MARTIN: So they decided to take an insult and try to turn it into a positive?

SHAFER: Exactly.

MARTIN: On the other hand, President Van Buren - how was he characterized?

SHAFER: Well, Van Buren who actually grew up as a very poor boy in a home in upstate New York, he was characterized as the king of Washington that he was building fancy grounds around the White House and he ate with gold spoons. But mainly, compared to the current one, they portrayed him as the candidate of the establishment who was surrounded by all the people who were giving him favors.

MARTIN: That does sound familiar.

SHAFER: It does.

MARTIN: I wanted to ask just a little bit more about things like rallies. Like, rallies really started during 1840. How did that come about?

SHAFER: Well, again, it grew out of this image of the log cabin and hard cider campaign. So they decided that they wanted to go down to the people for the very first time, so they mounted these huge rallies within a month after coming up with his image. The first one was in Columbus, Ohio. About 30,000 people came into town. There was only a population of about 3,000, and they had these log cabins on wheels. And they had marching bands, and they had eagles perched on top of poles. The people loved it. The amazing result was in this election that they had a voter turnout of 81 percent of the voters, which at that time was the highest ever. And I think it's still the third highest.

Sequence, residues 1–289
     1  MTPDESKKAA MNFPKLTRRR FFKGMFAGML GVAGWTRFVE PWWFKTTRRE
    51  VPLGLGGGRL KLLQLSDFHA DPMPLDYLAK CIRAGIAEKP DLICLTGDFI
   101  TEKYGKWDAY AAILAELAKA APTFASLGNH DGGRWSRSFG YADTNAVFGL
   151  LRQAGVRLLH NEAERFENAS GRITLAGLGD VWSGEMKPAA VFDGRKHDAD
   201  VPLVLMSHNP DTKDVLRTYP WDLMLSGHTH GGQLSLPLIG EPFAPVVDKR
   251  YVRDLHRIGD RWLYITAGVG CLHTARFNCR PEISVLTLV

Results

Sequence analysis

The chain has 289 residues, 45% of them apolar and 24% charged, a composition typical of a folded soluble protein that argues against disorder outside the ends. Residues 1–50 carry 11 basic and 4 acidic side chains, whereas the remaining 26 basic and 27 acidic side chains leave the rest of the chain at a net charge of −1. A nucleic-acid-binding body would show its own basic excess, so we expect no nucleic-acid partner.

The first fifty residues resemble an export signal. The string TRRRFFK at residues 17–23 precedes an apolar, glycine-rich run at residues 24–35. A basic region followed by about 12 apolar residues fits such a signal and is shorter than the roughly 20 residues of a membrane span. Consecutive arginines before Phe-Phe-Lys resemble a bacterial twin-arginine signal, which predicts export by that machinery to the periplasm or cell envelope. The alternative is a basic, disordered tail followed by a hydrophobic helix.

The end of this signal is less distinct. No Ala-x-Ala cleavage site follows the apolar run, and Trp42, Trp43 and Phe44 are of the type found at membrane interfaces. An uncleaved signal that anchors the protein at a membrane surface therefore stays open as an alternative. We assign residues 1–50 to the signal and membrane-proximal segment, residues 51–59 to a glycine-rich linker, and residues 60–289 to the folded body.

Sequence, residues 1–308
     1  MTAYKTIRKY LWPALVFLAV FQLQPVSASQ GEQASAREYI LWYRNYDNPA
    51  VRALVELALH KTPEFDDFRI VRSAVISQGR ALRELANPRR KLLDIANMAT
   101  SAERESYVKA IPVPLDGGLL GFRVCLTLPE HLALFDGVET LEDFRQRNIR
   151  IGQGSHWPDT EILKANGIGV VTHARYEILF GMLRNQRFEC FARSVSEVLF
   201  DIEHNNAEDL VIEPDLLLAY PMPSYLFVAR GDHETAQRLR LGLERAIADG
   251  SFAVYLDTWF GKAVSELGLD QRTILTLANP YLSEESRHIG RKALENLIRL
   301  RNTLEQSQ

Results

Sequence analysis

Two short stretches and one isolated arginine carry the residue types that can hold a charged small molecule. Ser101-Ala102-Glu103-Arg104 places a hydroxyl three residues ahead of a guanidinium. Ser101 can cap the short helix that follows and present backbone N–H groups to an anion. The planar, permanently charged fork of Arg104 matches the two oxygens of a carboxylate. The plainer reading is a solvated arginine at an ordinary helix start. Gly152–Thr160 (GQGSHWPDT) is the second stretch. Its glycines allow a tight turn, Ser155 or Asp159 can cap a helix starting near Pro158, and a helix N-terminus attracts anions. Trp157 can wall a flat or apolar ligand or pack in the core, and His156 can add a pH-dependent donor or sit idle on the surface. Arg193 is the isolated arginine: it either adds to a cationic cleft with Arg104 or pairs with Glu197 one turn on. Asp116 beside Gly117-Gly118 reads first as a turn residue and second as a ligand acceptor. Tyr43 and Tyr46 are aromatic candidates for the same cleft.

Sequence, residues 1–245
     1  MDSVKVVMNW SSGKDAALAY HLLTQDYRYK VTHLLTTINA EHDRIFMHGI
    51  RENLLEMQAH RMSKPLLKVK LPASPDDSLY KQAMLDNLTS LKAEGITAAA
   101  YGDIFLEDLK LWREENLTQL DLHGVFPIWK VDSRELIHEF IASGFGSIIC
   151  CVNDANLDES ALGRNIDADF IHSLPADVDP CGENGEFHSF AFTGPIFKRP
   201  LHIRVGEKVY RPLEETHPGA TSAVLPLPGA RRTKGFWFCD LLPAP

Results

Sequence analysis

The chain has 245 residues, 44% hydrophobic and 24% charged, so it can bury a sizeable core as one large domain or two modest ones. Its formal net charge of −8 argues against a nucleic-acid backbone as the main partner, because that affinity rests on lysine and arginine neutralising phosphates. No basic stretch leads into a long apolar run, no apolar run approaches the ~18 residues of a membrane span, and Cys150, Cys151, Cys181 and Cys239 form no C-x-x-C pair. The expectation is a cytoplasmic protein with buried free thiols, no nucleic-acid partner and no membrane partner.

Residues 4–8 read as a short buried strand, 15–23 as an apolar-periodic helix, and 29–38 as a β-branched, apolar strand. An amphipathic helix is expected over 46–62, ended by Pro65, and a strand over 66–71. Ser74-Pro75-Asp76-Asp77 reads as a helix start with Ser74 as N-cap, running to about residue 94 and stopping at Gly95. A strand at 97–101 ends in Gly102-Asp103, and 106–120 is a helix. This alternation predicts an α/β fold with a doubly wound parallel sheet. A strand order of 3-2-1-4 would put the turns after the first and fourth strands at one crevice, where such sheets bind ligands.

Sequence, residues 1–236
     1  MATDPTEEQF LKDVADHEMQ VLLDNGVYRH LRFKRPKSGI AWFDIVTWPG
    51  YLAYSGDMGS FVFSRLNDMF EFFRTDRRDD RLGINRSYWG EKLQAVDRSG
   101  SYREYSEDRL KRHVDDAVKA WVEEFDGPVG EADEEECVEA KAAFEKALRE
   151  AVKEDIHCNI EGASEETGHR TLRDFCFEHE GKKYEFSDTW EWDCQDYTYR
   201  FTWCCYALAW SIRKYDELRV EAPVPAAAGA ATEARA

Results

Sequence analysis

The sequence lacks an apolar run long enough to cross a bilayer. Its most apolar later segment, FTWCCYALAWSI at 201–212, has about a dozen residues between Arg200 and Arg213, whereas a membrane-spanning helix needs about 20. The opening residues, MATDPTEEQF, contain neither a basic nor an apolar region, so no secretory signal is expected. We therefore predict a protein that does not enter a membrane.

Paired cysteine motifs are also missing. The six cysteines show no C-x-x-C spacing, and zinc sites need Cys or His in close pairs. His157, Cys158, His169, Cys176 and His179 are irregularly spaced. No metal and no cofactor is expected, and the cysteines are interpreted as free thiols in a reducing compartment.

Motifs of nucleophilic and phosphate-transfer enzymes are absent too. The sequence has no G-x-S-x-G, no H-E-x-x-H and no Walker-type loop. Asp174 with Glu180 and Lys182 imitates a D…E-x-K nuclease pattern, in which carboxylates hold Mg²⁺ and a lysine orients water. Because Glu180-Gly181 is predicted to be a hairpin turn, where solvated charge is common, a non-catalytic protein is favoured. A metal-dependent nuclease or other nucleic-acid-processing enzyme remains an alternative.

MARTIN: What are some of the parallels in your view between the elections of 1840 and 2016? And I have to mention that it's interesting because you started this book long before you knew that 2016 was going to take the shape that it now has.

SHAFER: Exactly. I had no clue that we would ever have a campaign like this. Well, first of all, one parallel was Harrison. He had a mail scandal, before emails, obviously.

MARTIN: You mean mail as in M-A-I-L.

SHAFER: Snail mail, as we call it now, and it was probably even more snail back then. As I said, they campaigned by responding to letters from voters. Well, a voter in New York sent a letter to Harrison asking about some issue, and he got a response back. And it wasn't from Harrison. It was from his campaign committee. Well, this was just - set off a total furor that he was being kept by a conscious committee.